Lake Mburo Safari Packages
“Sir Fredrick Jackson, former governor of Uganda protectorate, and keen ornithologist described the country as a “Hidden Eden…and wonderland for birds”
One of Uganda’s Smaller National Parks, Lake Mburo extends over 260 km2 of undulating territory with an altitude range from 1,220m to 1,828m above sea level. The annual rainfall figure of around 800m is relatively low, but roughly 20% of the park’s surface area nevertheless consists of wetland habitats. The most important of these is Lake Mburo itself, the largest of five lakes that lie within the park boundaries, and part of a cluster of 14 lakes that are fed by the Rwizi river and connected by several permanent and seasonal swamps. The remainder of the park consists of open savannah and acacia woodland. The western part of the park consists of Savannah interspersed with rocky ridges and forested gorges, while patches of papyrus swamp and narrow bands of lush riparian woodland line the verges of the various lakes.
Lake Mburo harbours several species not easily observed elsewhere in Uganda. It is the only reserve in the country not easily observed else in Uganda. It is the only reserve in the country to support a population of impala, the handsome antelope for which Kampala is named, and one of the only three protected areas countrywide where Burchell’s zebra occurs, the other two being the far less accessible Kidepo and Pian-Upe. Topi, bushbuck, common duiker, oribi, Defassa waterbuck and Bohor reedbuck are the other antelope species Known to exist in the park.. The lake and lush fringing vegetation support a healthy population of buffaloes, warthogs, bushpigs and hippos.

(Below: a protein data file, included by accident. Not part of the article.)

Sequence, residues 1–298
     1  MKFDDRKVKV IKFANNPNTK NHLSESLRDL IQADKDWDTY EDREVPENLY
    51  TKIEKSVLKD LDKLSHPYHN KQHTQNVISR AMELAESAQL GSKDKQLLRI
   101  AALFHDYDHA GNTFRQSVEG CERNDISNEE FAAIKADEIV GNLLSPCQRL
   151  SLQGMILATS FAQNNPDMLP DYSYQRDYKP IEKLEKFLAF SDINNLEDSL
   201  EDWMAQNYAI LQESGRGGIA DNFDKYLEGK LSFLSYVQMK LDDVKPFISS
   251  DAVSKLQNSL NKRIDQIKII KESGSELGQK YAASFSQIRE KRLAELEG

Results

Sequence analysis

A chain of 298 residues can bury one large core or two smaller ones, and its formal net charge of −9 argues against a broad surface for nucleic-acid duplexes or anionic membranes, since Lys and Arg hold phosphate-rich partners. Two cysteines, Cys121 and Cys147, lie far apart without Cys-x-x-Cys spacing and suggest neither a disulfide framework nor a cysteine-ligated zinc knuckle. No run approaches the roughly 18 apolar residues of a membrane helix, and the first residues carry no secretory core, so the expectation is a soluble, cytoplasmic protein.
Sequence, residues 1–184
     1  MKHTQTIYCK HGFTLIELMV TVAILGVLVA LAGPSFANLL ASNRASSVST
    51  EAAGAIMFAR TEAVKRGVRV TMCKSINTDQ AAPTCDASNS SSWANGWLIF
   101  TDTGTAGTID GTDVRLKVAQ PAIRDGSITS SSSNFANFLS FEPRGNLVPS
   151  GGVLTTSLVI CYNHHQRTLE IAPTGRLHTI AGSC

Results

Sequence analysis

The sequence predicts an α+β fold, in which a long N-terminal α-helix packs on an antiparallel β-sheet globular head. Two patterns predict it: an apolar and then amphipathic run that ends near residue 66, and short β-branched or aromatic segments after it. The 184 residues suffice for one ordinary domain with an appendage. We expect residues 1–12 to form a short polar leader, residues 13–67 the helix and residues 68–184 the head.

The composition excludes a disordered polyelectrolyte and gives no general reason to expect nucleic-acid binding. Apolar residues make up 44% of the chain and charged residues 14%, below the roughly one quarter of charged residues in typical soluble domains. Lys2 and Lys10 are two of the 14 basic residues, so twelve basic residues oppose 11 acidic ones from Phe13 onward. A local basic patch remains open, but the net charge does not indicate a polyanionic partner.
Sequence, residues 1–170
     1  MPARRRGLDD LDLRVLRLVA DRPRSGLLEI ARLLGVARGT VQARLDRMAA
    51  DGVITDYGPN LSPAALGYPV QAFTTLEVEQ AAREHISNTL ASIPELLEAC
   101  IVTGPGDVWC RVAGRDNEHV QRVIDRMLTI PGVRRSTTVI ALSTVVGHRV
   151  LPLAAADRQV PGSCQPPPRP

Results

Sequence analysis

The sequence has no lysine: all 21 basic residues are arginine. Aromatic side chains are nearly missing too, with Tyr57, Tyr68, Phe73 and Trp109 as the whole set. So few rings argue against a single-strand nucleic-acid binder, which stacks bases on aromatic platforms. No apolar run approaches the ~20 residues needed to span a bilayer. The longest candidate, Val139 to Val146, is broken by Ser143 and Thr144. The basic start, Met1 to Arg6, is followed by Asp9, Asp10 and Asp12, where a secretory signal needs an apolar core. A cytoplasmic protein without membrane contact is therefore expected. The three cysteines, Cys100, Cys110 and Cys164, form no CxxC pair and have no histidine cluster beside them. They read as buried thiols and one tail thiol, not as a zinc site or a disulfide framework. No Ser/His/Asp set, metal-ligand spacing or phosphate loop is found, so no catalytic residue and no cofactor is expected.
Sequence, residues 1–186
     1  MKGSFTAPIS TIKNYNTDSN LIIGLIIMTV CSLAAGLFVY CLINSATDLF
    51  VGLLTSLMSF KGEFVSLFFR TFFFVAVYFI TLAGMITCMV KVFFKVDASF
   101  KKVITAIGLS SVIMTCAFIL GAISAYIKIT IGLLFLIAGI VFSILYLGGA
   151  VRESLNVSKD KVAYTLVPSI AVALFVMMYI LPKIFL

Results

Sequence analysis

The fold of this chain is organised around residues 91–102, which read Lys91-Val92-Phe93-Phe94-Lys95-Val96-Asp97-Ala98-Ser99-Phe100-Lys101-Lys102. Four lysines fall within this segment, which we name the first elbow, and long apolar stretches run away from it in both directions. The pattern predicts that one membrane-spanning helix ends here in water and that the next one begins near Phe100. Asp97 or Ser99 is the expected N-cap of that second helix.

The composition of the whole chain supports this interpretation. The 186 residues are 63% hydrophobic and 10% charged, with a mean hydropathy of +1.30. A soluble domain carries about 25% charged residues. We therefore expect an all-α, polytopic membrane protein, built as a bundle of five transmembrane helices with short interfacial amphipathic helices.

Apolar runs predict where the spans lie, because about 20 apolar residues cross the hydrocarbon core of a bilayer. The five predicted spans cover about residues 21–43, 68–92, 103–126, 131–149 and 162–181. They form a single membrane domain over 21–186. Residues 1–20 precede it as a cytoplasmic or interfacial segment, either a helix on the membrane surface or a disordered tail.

Over 300 species of birds have been recorded in the park. It is the best place in Uganda to view acacia associated birds and Rwonyo camp is as good a place as any to look for the likes of mosque swallow, black bellied bustard, bare faced go-away bird and Ruppell’s long tailed starling. A handful of birds recorded at Lake Mburo are essentially southern species at the very northern limit of their range, for instance the southern ground hornbill, black collared and black throated barbets, and green-capped eremomela. Of special interest to birders are the swamps, in which six papyrus endemics are residents including the brilliantly coloured papyrus gonolek, the striking blue-headed coucal, and the highly localised white-winged and papyrus yellow warblers, the last recorded nowhere else in Uganda.
Getting There and Away:
Two different roads connect Lake Mburo National Park to the main surfaced road between Masaka and Mbarara. Coming from the west, the better approach road branches south at Sanga, 37 km east of Mbarara. Coming from Kampala, it’s easier to use the road branching south from the 50 km marker for Mbarara about 20 km past Lyantonde. The drive from Kampala takes about four to five hours, not allowing for breaks/ stops.